Scrapbook: Hayley Kiyoko Digs Through Her Old Photo Albums
She made her name as an actor but now Kiyoko's moved into the pop space where she's challenging conventions and sliding into the director's chair.
Hayley Kiyoko is the perfect example of a 21st century 20-something. Her first love might be music—she started kicking ass on the drums at just five—but in her 24 years she's worn many different hats. Most of them simultaneously, (which means she must have a really warm head. Sorry, not sorry!). Perhaps you recognize the LA-native as Raven from CSI: Cyber, or the sassy bestie in Insidious 3, she was also a key player in the recent Jem and the Holograms reboot, alongside Juliette Lewis ("She's just the coolest person ever! She's a rock star!). We're primarily interested in Kiyoko not because of her acting skills, but thanks to this year's This Side of Paradise EP, which offers up such pulsating synth-pop tunes as "Cliffs Edge" and "Girls Like Girls" (which should find favor with fans of Halsey and Lorde alike). It's leagues ahead of her 2013 release, A Belle to Remember. With This Side of Paradise Kiyoko says the EP isan exercise in self-exploration—songs she built from the ground up, songs she confidently stands behind. Moreover, Kiyoko recognizes the power in pairing a killer song with some top-notch visuals.
Take most recent single "Cliffs Edge" (below) as an example. It's the second video Kiyoko's directed and this time she's starring in it too, splicing choreography in a freezing lake, some dance sequences in what looks like a church parking lot and some palpably sexy scenes featuring Kiyoko falling for the video's love interest, before the whole thing implodes.
We called up Kiyoko—who happened to be speaking with us from the set of CSI Cyber—to find out more. Plus, she goes through her old photo albums to chart her musical and style evolution. Happy #tbt!
Noisey: So "Girls Like Girls" is pretty unsual in the pop landscape in that the story's explicitly about a romantic relationship between two girls. Tell me about the inspiration for that song and where it came from.
Hayley Kiyoko: Females never really sing about stealing other guy's girls. It's a self-confident girl anthem, so that's kind of where it stems from. When I wrote that song, I was like, I have to do an amazing music video, and I don't know how I'm gonna do it, you know, being indie and doing it all on my own. At a certain point I was like, fuck it, I gotta do it, go big or go home.
It's a really glossy video, it doesn't look like you did it on a shitty budget and you clearly called in favors from actors you've worked with previously, so that works to your benefit. [The video stars Stephanie Scott from Insidious 3.] What kind of responses have you had from fans?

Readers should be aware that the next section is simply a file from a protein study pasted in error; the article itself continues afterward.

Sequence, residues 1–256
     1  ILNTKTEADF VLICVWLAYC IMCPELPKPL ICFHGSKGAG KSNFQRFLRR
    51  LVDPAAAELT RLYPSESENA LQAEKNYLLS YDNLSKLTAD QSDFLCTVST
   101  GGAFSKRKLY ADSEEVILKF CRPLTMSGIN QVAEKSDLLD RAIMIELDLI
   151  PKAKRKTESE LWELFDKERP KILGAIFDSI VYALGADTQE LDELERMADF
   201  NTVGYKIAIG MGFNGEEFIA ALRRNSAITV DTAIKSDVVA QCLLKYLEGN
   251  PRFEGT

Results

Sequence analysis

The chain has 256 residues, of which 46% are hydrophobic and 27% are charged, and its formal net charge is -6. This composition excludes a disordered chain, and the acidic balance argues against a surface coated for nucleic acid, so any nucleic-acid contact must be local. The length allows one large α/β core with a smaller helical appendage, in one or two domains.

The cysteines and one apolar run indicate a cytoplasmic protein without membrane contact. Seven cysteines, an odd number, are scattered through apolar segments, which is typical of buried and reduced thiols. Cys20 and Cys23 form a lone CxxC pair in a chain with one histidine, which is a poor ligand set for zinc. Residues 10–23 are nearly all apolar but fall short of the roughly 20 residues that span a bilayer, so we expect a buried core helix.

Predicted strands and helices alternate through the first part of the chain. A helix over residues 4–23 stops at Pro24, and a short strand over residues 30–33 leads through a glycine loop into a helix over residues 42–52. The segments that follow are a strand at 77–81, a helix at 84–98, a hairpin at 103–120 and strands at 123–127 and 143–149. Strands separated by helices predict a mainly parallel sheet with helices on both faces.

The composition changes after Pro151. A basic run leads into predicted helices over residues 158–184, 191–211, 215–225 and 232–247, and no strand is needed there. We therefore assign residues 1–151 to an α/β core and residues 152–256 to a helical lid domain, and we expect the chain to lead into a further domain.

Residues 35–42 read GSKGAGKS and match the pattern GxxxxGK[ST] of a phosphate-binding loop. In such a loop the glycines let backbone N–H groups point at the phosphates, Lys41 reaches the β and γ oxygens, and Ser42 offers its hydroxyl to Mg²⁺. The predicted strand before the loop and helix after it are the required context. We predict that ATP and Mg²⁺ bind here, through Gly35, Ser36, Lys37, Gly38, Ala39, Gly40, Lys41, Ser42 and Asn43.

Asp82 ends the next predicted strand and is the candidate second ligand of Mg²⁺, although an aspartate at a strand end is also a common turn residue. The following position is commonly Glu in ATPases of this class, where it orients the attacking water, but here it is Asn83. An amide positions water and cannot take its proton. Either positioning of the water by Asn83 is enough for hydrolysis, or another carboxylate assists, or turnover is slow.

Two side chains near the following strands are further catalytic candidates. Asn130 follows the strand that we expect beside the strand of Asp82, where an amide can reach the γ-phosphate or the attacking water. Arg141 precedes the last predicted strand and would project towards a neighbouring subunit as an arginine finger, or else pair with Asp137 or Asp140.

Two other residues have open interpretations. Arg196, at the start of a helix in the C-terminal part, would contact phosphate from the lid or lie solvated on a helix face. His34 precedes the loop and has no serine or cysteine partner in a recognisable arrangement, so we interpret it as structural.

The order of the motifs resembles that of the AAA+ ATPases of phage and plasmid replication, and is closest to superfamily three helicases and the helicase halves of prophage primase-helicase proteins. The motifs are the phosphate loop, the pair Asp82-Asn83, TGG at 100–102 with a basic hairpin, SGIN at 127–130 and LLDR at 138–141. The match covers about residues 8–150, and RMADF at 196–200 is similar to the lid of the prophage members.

It's been amazing. I feel like there isn't a lot of content that shows a relationship in that situation in a positive way, where there's a happy ending, and so that's kind of what "Girls Like Girls" was made for: for young girls or guys or whoever. It really goes beyond your sexual orientation, it's more self-acceptance and loving yourself and fighting for what you want. And sometimes it gets a little dirty. Everyone who worked on that video really did it because they believed in this story and my music. So now I've kind of created this fan base where they just fall in love with stories and I love telling stories. Plus, I got this director bug, so that's when I shifted into directing "Cliffs Edge," and then put myself in the music video too. I would prefer not to be in my videos, but people have to know what I look like at some point! [Laughs.]
How was it—putting yourself in front of the camera and in those intimate scenes?
Very intimidating. I've never directed something and been on camera at the same time, it seemed like way too much work. Some of my close friends really convinced me to do it, they were just like you can do this, you just need to have a really strong crew. It was a very ambitious shoot once again—shooting in a freezing cold lake, in Lake Gregory, right by Lake Arrowhead. Doing water shots isn't ideal—it was cold—but I love dancing so it was nice to showcase a little bit of dancing,and also highlight the dancers.
How does the story in the video relate to your lyrics?
The lyrics are very sexual: it's pretty much just about being turned on by someone, and the cliffs edge is a reference to always leaving you hanging. But then when I started figuring out the music video concept, I was like well, it needs to be more than that, so it ended up turning into this tumultuous relationship where you love someone one minute, and then you're yelling at them the next. You're with this person who's constantly leaving you on the edge, where you don't know if you're gonna be together with them tomorrow or not. The water symbolized feeling like you're drowning in your emotions in this very heightened relationship. Then at the end of the music video she pulls me out of the water, and it leaves an open-ended question: do they stay together or do they break up? Who knows, but at least they're willing to try and willing to take a breath and feel that sea breeze and at least come to the surface.
I heard that you cast the girl randomly—like you met her at a party?